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Br J Gen Pract. 2009 April 1; 59(561): 236–237.
PMCID: PMC2662097

The future for personal doctoring

Jeannie Haggerty, Associate Professor

A continuing patient–doctor relationship has achieved the status of a core value and feature of primary care.1 In this issue of the BJGP, two papers by Salisbury et al2 and Ridd et al3 add to the large body of primary care research seeking to improve the definition and measurement of the continuing patient–doctor relationship. The aim is to understand and defend it as a core feature. It has been under pressure as primary health care moves away from autonomous single-handed practices to multidisciplinary group practices with common accountability to central authority.

For primary care and family medicine the continuing patient–doctor relationship has been subsumed under the broader concept of continuity of care.4 Clinicians from other health disciplines recognise the importance of the relationship with the patient but use the term ‘continuity of care’ to refer to the delivery of services in a coordinated and timely manner by more than one health professional. Salisbury and colleagues call this coordinated care, as would most primary care clinicians. Both Salisbury et al and Ridd et al use the label ‘longitudinal continuity’ to describe the primary care model of continuity of care, a tribute to Barbara Starfield who proposed this term to distinguish it from that of continuity of care used in other disciplines.5

Ridd et al synthesize what qualitative research tells us about the nature of the patient–doctor relationship, where the regularity of good experiences with the doctor over time leads to increasing depths of knowledge, trust, loyalty and regard. An article that appeared in this journal in November confirms that these qualities do indeed require time and good rapport.6 With good measures of such constructs we may be able to quantify the contribution that patient–doctor relationships make to quality of care and good health outcomes. Robust measures have been developed for the dimension of knowledge79 and for trust7 and these have been linked to outcomes such as increased satisfaction10,11 perceived smoothness in seeking care,12 better preventive care coverage13 and more appropriate application of wait-and-see use of antibiotics.14 Measures of loyalty and regard are either non-existent or in development.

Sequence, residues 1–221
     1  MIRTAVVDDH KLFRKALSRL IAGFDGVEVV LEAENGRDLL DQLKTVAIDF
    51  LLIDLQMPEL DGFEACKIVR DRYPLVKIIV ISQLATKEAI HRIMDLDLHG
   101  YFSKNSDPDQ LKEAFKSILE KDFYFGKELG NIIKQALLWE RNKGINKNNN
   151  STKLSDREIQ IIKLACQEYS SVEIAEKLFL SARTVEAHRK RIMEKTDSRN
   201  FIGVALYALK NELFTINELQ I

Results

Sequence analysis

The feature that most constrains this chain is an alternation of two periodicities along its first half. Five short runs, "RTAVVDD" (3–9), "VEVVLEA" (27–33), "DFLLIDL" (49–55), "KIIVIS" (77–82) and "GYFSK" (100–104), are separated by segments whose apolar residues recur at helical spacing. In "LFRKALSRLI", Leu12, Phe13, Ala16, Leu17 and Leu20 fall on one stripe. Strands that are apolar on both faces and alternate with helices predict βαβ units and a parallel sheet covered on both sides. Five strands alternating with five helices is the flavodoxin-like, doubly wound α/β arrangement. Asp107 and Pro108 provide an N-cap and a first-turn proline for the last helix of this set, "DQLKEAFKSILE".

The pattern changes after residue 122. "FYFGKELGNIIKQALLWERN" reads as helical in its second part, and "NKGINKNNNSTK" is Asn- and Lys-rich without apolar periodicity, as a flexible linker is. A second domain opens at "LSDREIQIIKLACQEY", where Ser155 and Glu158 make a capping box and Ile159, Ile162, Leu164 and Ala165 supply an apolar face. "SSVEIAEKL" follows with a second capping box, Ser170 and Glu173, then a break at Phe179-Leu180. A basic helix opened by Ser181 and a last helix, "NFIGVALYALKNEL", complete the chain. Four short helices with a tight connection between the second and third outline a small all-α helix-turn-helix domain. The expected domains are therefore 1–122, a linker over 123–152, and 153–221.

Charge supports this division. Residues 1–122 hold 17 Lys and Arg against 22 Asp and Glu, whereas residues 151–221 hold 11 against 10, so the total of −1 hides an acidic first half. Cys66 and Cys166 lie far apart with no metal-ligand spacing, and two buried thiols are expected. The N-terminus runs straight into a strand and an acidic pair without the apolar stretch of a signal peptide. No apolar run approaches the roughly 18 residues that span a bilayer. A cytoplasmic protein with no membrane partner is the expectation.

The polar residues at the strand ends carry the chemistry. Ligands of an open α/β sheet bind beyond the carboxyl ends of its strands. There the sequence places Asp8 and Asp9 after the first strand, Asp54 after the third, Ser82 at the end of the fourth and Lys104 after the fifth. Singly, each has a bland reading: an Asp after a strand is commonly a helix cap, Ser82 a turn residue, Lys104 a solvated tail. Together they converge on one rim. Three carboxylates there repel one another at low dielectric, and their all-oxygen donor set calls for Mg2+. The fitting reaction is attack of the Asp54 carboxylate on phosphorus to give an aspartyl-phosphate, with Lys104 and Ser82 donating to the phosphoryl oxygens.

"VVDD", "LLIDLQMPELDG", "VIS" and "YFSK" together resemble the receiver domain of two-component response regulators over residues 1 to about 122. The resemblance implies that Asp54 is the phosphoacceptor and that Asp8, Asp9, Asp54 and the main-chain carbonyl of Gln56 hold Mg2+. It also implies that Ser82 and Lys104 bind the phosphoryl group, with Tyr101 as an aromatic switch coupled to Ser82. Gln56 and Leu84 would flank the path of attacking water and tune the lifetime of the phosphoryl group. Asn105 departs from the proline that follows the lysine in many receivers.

Salisbury et al approach the issue from a more quantitative perspective, providing an extensive overview of the different ways that ‘longitudinal continuity’ can be inferred from patterns of clinical encounters over time. Although some have questioned whether these measures truly capture the nature of longitudinal continuity as described by Ridd et al, they are still used because they can be obtained from routinely available data. Researchers are able to track the impact of healthcare changes on concentration of care in a specific doctor or team. Much of the evidence that has accrued on the benefits of the continuing patient–doctor relationship is based on such quantitative measures of healthcare patterns.5,15,16

Salisbury et al's paper is particularly relevant because even strong defenders of primary care continuity have argued that there is a necessary trade-off between being seen promptly and seeing one's own doctor.5,17 Salisbury and colleagues found that the introduction of an Advanced Access system did not lead to statistically significant differences in measures of concentration of care. However, there was a consistent tendency toward decreased concentration in Advanced Access practices. Although not statistically significant in a study with a large sample, the consistency of the tendency across different measures combined with a priori hypotheses that continuity would be affected, leaves one with a niggling suspicion that there is more to the story, such as a specific group of patients that are particularly affected. The main study also showed that access gains were also very modest with the introduction of the Advanced Access system.18 Research in Canada found that patient perceptions of their doctor's knowledge of them decreased when the doctor had an access-oriented practice style19 and there continues to be a tension between ensuring longitudinal continuity and prompt access.20 In contexts, such as Canada, where there is more room for improvement in access21,22 the rush to improve timeliness may be offset by larger losses in continuity than those observed by Salisbury and colleagues.